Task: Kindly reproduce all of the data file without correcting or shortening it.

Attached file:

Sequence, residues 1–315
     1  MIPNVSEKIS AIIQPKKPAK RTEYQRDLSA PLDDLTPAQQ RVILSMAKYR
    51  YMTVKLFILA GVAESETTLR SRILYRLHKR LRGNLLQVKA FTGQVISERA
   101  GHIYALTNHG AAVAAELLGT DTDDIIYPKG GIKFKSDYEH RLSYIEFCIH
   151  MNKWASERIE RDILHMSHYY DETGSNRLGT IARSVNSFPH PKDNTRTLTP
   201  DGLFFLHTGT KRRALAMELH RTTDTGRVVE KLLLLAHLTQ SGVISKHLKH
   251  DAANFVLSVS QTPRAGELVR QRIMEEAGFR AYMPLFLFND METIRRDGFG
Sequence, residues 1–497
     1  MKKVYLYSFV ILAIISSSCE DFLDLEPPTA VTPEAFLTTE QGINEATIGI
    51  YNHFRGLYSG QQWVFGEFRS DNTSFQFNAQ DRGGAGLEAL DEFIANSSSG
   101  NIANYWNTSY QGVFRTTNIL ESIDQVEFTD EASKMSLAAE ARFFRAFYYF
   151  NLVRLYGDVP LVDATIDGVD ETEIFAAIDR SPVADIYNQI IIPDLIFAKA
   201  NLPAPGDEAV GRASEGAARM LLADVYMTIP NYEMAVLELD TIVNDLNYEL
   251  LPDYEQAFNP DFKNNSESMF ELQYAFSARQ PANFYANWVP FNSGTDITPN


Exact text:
Sequence, residues 1–315
     1  MIPNVSEKIS AIIQPKKPAK RTEYQRDLSA PLDDLTPAQQ RVILSMAKYR
    51  YMTVKLFILA GVAESETTLR SRILYRLHKR LRGNLLQVKA FTGQVISERA
   101  GHIYALTNHG AAVAAELLGT DTDDIIYPKG GIKFKSDYEH RLSYIEFCIH
   151  MNKWASERIE RDILHMSHYY DETGSNRLGT IARSVNSFPH PKDNTRTLTP
   201  DGLFFLHTGT KRRALAMELH RTTDTGRVVE KLLLLAHLTQ SGVISKHLKH
   251  DAANFVLSVS QTPRAGELVR QRIMEEAGFR AYMPLFLFND METIRRDGFG
Sequence, residues 1–497
     1  MKKVYLYSFV ILAIISSSCE DFLDLEPPTA VTPEAFLTTE QGINEATIGI
    51  YNHFRGLYSG QQWVFGEFRS DNTSFQFNAQ DRGGAGLEAL DEFIANSSSG
   101  NIANYWNTSY QGVFRTTNIL ESIDQVEFTD EASKMSLAAE ARFFRAFYYF
   151  NLVRLYGDVP LVDATIDGVD ETEIFAAIDR SPVADIYNQI IIPDLIFAKA
   201  NLPAPGDEAV GRASEGAARM LLADVYMTIP NYEMAVLELD TIVNDLNYEL
   251  LPDYEQAFNP DFKNNSESMF ELQYAFSARQ PANFYANWVP FNSGTDITPN